Air pollution in Tehran, photo: Hamid Najafi via flickr.
Forget about climate change for one moment, a series of six papers appearing in The Lancet says that reducing CO2 and other greenhouse gases has "major direct health benefits." The papers examine case studies in electricity generation, household energy use, transportation and food and agriculture and the health implications for each in both high- and low-income nations:Basically since a major part of cutting greenhouse gas emissions is switching to non-fossil fuel sources of energy, that will have corresponding air pollution benefits by reducing ground-level ozone, as well as fine particulate matter.
Black Carbon Pollution Causes 2.5 Million Deaths Annually
In terms of the latter, one paper analyses 18 years of data on the long-term health effects of black carbon pollution -- the result of older diesel engines, biomass cooking fires, and the like -- and finds that in addition to the global warming potential, this sort of particulate pollution is responsible for nearly 2.5 million deaths per year globally.
Speaking on the implications of the research, co-author on three of the papers Kirk Smith of UC Berkeley said,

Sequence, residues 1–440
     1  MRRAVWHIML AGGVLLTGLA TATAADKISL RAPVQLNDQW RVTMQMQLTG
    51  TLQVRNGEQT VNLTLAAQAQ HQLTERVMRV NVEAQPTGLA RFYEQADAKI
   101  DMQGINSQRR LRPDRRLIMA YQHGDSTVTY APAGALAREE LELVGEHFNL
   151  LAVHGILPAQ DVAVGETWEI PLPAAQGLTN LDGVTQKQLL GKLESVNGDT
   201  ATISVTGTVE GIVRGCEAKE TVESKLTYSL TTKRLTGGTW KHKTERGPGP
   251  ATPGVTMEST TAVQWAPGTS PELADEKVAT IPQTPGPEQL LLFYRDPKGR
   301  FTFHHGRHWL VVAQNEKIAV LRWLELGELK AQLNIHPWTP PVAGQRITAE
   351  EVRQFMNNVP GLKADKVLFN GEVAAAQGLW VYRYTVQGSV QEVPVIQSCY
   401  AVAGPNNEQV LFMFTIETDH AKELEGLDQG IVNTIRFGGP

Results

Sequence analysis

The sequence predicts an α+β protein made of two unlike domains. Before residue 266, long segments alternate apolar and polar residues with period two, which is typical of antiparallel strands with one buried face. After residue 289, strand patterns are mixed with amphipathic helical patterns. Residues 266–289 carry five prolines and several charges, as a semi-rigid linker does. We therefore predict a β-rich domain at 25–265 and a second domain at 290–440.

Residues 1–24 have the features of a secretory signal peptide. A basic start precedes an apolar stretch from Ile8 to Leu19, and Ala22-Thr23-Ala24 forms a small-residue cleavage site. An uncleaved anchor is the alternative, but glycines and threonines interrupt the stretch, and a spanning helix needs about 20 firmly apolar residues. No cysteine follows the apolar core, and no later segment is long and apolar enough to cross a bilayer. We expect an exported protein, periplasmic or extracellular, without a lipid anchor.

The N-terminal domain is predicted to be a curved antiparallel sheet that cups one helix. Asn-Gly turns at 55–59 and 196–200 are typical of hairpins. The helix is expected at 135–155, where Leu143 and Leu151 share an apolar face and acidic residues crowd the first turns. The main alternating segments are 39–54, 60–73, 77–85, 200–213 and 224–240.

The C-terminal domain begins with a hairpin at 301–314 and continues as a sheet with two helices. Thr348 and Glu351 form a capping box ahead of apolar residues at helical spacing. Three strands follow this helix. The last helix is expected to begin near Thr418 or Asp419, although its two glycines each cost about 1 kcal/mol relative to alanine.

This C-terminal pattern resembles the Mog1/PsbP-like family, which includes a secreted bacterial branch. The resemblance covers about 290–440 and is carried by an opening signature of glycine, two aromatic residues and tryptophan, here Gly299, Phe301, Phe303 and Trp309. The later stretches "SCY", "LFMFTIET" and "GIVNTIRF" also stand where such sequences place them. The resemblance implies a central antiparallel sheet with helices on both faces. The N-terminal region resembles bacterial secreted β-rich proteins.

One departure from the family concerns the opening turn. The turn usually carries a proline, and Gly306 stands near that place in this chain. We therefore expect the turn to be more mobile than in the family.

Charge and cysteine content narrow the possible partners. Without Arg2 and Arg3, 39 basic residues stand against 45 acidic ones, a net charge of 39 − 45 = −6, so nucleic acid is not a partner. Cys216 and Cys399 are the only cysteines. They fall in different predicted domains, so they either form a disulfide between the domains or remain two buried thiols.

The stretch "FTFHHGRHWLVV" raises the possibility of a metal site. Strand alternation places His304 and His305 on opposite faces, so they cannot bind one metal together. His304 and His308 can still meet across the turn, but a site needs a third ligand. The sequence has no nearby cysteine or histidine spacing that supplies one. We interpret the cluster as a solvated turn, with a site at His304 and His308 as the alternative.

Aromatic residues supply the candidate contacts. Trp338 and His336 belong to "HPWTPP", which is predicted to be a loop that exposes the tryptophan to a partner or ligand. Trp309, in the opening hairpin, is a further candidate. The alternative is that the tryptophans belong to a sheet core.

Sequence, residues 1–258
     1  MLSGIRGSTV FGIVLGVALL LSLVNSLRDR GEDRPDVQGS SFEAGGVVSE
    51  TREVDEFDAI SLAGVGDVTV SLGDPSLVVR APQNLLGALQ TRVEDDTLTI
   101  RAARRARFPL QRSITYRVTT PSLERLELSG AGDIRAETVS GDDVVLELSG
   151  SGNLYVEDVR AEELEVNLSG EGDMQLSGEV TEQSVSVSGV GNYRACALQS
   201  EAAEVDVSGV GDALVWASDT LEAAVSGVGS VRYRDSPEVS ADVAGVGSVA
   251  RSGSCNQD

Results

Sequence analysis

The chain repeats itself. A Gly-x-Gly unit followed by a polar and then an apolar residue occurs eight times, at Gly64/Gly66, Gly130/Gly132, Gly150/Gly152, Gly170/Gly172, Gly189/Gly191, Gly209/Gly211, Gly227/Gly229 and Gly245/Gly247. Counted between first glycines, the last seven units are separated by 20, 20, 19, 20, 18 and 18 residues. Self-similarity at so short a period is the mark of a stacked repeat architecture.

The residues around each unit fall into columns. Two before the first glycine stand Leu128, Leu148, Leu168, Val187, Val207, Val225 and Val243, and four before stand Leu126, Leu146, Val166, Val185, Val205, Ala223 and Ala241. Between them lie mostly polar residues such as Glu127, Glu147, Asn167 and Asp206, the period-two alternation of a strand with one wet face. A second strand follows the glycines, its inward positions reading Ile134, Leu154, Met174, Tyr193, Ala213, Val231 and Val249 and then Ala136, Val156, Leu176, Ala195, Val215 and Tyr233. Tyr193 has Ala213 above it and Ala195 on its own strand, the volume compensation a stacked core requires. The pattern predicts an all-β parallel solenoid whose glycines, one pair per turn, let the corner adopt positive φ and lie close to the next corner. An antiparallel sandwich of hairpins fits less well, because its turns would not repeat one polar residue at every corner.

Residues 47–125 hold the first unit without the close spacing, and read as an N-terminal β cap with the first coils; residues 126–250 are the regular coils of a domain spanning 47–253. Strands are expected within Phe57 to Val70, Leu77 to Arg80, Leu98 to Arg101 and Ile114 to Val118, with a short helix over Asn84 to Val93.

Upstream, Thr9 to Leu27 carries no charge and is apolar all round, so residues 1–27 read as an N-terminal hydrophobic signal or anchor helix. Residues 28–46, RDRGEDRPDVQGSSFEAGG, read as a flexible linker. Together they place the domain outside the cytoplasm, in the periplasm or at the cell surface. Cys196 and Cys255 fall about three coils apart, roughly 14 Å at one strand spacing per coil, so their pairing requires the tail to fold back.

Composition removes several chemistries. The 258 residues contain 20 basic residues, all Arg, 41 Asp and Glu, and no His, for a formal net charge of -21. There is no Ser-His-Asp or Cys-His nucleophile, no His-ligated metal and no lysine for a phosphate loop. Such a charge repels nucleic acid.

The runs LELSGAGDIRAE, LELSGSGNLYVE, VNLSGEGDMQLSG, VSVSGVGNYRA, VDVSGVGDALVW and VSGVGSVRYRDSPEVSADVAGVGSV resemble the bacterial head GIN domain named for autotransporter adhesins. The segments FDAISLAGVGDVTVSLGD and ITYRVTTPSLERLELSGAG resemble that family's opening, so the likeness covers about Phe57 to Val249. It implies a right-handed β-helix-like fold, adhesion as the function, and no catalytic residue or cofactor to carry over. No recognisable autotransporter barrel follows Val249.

Policymakers need to know that if they exert their efforts in certain directions, they can obtain important public health benefits as well as climate benefits.
Climate change threatens us all, but its impact will likely be greatest on the poorest communities in every country. Thus, it has been called the most regressive tax in human history. Carefully choosing how we reduce greenhouse gas emissions will have the added benefit of reducing global health inequalities.
Black Carbon Pollution Eases Quickly Once Source Removed
Recent research has shown that short-lived components of global warming such as black carbon pollution may have a much great effect than previously believed -- and may even be accelerating melting of Himalayan glaciers as fine particulate matter coats even remote regions. The good news is that this sort of pollution ceases to have an effect comparatively quickly once the source of pollution in removed.
More: The Lancet.com - Health and Climate Change
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